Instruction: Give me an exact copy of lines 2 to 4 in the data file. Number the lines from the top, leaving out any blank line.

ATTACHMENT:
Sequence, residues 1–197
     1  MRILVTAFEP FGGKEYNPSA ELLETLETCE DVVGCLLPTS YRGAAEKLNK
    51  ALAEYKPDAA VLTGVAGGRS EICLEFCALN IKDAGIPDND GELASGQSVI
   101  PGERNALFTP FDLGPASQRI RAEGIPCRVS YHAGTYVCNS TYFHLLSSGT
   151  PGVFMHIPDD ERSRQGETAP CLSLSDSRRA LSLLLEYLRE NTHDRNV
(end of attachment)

     1  MRILVTAFEP FGGKEYNPSA ELLETLETCE DVVGCLLPTS YRGAAEKLNK
    51  ALAEYKPDAA VLTGVAGGRS EICLEFCALN IKDAGIPDND GELASGQSVI
   101  PGERNALFTP FDLGPASQRI RAEGIPCRVS YHAGTYVCNS TYFHLLSSGT